There has been progress in nursing education from the time the training of nurses began. Advanced practice registered nurses consensus is a regulation model for the future that helps align the relationship among licensure, accreditation, certification, and education (LACE). The consensus model for APRNs is essential as it will help produce the uniformity that is believed to assist APRNs to work according to their education and licensure. It enables the nurses to participate fully in their training and qualifications. The consensus model helps to outline the four categories of nurses, including nurse practitioners, clinical nurse specialists, certified nurse midwives, and certified registered nurse anesthetists (Sabo et al.,2017). It clearly outlines the clinical roles of each category of APRN. This paper will highlight the differences between ANPs and APRNs. It will also explain the appraisal of the population served by FPNs. The report will further discuss certification opportunities for FNPs, and the implications of FPNs in Minnesota.
Differences between ANP and APRN
The common belief is that every registered nurse with a master’s degree is automatically qualified to be in advanced nursing practice. However, this does not necessarily mean they are in advanced nursing practice. ANPs are APRNs who have earned a graduate-level nursing degree, either a master of science degree or a Ph.D., focusing on a nurse practitioner. One must already be a registered nurse and have good experience before becoming an ANP. ANPs are educated up to the masters level in clinical practice and have been assessed as competent by using their expert clinical skills and knowledge. One must first obtain a bachelor’s degree in nursing, pass the NCLLEX examination and receive an RN license, enroll in a graduate program, pass the national NPP certification board exams, and obtain NP licensure. ANPs are required to work independently to prescribe the medications and evaluate and refer patients to specialists when the need arises; They can also work as a team to help assess patients, diagnose, and interpret the test results. In contrast to advanced nursing practice, advanced practice nursing necessitates completing post-graduate study; as a result, nurses who work in this field possess superior instructional and medical knowledge and more proficiency and range of practice.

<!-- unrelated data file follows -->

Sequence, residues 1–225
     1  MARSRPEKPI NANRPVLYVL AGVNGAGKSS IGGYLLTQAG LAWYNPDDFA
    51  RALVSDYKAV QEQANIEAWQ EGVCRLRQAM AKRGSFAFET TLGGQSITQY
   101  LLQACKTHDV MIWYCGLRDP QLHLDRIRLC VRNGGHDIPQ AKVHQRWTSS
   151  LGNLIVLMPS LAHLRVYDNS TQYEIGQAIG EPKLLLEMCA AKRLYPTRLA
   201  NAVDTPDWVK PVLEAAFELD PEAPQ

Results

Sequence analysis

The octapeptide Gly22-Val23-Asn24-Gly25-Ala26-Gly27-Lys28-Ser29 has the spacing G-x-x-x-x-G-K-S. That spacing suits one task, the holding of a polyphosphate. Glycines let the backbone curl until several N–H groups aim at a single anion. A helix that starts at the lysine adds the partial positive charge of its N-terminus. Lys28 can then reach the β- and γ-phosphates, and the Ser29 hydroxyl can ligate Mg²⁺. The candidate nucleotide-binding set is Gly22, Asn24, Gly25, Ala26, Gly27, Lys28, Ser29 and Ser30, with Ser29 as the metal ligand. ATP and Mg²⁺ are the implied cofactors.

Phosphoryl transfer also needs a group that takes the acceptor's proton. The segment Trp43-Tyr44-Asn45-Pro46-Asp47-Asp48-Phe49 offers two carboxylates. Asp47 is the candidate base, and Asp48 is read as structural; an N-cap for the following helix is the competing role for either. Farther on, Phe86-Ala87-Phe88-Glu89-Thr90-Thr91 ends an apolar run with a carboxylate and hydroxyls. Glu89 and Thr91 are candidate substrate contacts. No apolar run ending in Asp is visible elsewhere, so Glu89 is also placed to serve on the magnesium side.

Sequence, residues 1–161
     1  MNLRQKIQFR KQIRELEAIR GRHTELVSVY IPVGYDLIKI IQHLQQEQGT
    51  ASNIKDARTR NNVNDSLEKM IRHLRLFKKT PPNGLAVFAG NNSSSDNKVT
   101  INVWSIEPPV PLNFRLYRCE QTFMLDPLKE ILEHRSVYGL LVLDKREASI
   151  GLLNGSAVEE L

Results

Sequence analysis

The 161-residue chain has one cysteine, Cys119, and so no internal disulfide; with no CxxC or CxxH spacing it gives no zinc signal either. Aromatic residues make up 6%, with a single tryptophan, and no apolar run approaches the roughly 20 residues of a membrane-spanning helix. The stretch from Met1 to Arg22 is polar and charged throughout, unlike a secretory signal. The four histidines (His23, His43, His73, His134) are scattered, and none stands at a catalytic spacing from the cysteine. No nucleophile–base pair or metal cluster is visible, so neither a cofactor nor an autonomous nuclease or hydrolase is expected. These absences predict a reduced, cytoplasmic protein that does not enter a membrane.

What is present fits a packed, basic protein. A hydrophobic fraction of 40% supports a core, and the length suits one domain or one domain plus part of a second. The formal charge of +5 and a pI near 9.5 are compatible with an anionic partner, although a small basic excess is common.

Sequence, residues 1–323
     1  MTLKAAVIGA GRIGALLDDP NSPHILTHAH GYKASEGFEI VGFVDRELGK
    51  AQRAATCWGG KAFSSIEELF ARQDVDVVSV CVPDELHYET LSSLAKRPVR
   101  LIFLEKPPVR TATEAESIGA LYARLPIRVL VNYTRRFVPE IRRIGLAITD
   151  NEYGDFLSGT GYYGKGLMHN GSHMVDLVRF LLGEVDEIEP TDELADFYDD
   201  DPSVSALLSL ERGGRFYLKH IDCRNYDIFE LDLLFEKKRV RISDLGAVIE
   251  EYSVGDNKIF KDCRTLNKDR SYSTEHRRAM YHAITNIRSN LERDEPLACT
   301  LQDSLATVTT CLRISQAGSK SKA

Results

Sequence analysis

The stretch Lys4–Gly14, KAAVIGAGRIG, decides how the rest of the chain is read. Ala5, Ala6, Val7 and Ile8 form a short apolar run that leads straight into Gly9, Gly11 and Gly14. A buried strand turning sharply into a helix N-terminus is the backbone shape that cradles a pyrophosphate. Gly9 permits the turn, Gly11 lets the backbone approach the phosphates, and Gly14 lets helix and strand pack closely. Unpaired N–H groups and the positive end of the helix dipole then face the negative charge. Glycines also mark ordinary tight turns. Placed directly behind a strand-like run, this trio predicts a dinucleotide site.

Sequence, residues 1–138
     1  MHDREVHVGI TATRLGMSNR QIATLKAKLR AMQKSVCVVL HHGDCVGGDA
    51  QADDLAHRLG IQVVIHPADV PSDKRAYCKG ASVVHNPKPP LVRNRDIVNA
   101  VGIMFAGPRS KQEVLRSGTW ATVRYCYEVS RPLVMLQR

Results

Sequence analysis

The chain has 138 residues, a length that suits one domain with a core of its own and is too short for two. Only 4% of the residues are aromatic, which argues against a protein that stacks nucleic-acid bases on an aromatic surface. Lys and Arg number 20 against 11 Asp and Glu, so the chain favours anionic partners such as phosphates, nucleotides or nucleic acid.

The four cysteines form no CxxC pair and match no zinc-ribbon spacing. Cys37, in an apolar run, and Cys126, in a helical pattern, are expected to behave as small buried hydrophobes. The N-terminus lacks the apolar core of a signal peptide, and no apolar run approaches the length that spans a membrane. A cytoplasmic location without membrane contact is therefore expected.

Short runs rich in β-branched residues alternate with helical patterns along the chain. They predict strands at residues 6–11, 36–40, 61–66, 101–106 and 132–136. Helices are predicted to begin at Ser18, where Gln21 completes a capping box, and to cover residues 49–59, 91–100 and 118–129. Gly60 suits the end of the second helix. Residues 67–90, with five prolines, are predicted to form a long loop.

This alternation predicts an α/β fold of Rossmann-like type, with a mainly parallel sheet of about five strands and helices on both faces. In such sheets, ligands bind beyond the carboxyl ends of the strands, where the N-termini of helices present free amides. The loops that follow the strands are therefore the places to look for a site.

The APRNs make decisions concerning the type of care the patients receive compared to the ANP nurses. ANPs must set policies and some basic educational training to be allowed to practice. The advanced nursing practice involves the practices and interventions in nursing, leading to better patient outcomes. ANP mainly focuses on expanding the spectrum of the nursing practice that helps in acquiring nursing knowledge and progression in the nursing profession. ANPs and APRNs differ in terms of job specialization and responsibilities. ANPs can specialize in caring for several populations, including psychiatric, adult-gerontology, women’s health, neonatal, pediatrics, and family. ANP focuses on expanding the nursing practice spectrum, essential for acquiring nursing knowledge and professional progress. Besides, Advanced practice registered nurses are the primary care providers at the forefront of preventing and providing preventive services to the public. They include clinical nurse specialists, nurse practitioners, nurse midwives, and nurse anesthetists, whom all practice various roles according to their specialization (Tracy and O’Grady, 2018). The APRNs have acquired a master’s degree on top of the initial nursing education and licensing required for all registered nurses. ANP education curriculum is more based on the medical aspect, while APRN mainly contains nursing-based goals. Additionally, APNs take fewer managerial tasks than ANPs who actively take managerial tasks. Therefore, the ANPs role is a much more specialized role of an APRN.